2 March 2012
Paan Singh Tomar: Not just another daku film
This is but the first of the wonderful anecdotes out of which Tigmanshu Dhulia has crafted Paan Singh Tomar: the tale of a man who first earned fame as a steeplechase champion and then, in a strange twist of fate, notoriety as a dreaded dacoit. Dhulia first encountered the tragic story of Tomar while in Chambal on the sets of Shekhar Kapur’s Bandit Queen(1994), for which he was Casting Director. Now, 18 years and four feature films later, he has finally managed to bring Tomar’s story to the screen.
The ravines on either side of the Chambal river – Chambal ki ghaati – are legendary for having sheltered a steady stream of dacoits, men who may have been villains in the eyes of the state but who often cultivated a Robin Hood aura and laid out an alternative model of justice, terrorising the rich and impressing the poor. Sultana Daku, who was captured by the British in the 1920s, was the subject of many folk songs and one of the most famous nautankis ever (and in the 70s a pale shadow of a film). There was also Daku Man Singh, unchallenged from 1939 until his death at the hands of Gurkha troops in 1955; he, too, was the hero of a nautanki (and of a 1971 Babubhai Mistry film starring Dara Singh). In fact, Hindi cinema is replete with dakus – sometimes playing the most villainous of villains – most famously Gabbar Singh in Sholay (1975) – but sometimes emerging as more complicated figures evoking audience sympathy: think of Dilip Kumar in Ganga Jamuna (1961), Sunil Dutt in Mother India (1957) or Mujhe Jeene Do (1963), or even Vinod Khanna’s star-making role in Mera Gaon Mera Desh (1971).
What Dhulia does with Paan Singh Tomar, though, is to thwart any filmi expectations you might have. There are no fiery tilaks, no pagdis, no dishonoured sisters, not even an item number in the daku’s lair. Tomar’s tale is so vivid and strange that Dhulia needs only to stick close to life to create the most marvelous fiction. And this he does with impeccable felicity.
Opening in 1980 when a stuttering local journalist (the dependable Brijendra Kala) manages to get an interview – the privilege of an audience, really – with the feared Paan Singh, the film moves swiftly into flashback. It is superbly structured, the first half recreating how the young Bengal Engineers recruit grew into an international level athlete, and the second showing the irrevocable transformation of a soldier and sportsman into a bandit.
Dhulia’s brilliance is in making it clear that Paan Singh does not, in either case, actively set out to become what he does; it is circumstances that drive him. Poverty sends him into the army; a simple hunger for unlimited rations drives him into the Sports section; humiliation at the hands of the very state that he has served pushes him to rebel against it.
And yet Dhulia’s tale is by no means about coincidences. It is as if the seeds of a man’s many possible futures lie dormant within him, waiting for a combination of historical accident and individual action to bring them to fruition. In one of the very first scenes, for example, we see a suspicious superior officer ask Paan Singh if he or his family have ever had any run-ins with the law. “Ham ka hamaare mama tak ka nahi hua hai,” says Paan Singh, with a straightforward pride that his lineage will not let him hide. “The police never manage to catch [us].”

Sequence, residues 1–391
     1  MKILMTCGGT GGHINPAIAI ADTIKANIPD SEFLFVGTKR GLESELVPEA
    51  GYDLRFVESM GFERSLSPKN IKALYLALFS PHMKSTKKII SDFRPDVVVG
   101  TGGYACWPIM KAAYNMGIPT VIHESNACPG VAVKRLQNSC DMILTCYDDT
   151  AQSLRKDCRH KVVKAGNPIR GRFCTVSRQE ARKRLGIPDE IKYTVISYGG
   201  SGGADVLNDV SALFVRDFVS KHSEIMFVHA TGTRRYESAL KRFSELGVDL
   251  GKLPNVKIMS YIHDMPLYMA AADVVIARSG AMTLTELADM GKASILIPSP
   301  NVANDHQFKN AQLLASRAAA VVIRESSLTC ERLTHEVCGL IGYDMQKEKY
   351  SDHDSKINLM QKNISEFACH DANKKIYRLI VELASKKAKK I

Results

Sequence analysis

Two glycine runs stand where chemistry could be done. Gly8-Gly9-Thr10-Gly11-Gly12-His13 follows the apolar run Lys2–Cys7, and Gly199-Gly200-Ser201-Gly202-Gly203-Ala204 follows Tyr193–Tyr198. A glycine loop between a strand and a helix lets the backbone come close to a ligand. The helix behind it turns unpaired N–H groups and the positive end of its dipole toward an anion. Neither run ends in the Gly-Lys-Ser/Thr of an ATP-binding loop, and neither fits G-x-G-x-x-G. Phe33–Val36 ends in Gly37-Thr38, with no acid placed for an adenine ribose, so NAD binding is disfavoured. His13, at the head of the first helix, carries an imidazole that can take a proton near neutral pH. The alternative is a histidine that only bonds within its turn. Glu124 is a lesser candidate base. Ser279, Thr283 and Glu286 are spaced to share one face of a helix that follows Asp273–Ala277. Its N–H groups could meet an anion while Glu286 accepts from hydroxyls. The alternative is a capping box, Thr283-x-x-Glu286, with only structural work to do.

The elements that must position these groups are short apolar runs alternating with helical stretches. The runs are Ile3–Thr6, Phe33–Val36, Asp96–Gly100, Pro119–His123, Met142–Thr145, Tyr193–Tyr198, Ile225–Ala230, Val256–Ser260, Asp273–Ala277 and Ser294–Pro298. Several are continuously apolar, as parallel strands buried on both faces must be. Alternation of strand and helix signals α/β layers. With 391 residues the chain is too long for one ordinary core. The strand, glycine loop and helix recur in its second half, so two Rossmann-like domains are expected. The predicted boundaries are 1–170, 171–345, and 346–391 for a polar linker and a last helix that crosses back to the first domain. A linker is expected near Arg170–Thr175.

It is the greatest strength of this biopic that it comes as close as it is possible to come to showing us, as if from within, the simplicity – almost inevitability – of every decision taken by a man whose life, seen from without, seems utterly contrarian.
Like its central character, the film’s cinematography is unflashily evocative, moving between the calm, verdant green of the army cantonment (Dhulia and his cinematographer Aseem Mishra shot in Roorkee, where Paan Singh actually served) and the dry, dusty browns of the Northern Madhya Pradesh villages and ravines. There is much pleasure to be derived from the visual detailing – the hundreds of flies buzzing around the petha in a sweet shop, the man shaking with fearful tears under a barber’s caress, the cows released at the opportune moment of a raid on a village in the hope that the police will not fire, for fear for commiting the sin of gau hatya – but the real masterstroke of this film is the dialogue, written by the director himself.
Tigmanshu Dhulia’s magisterial control over the cadences of North Indian speech has been admired ever since his debut Haasil (2003), a love story set amidst the nasty campus politics of his own home town, Allahabad. His 2011 offering Sahib Bibi aur Gangster did a fantastic job with dialogue, too. Here in PST, he is both at his sharpest and his most uncompromising — providing one-liners like “Beehad mein baaghi hote hain, dakait parliament mein milte hain” that will get the claps, but sticking to the harsh ‘haigo’s and soft ‘hamaai’s of an undiluted Morena-Bhind dialect.
There is some predictability built into a film like this, where you already know what happens, and the post-interval section does drag a little bit occasionally. But this is a film that you should watch not just because it is a rare treat to have a Hindi film director treat this subject with the complexity and intelligence it deserves. You should watch it simply to witness the marvellous Irrfan Khan sink his teeth into the role of a lifetime, essaying with moving simplicity the baffled rage of peacable masculinity driven inexorably to violence.
First published in Firstpost.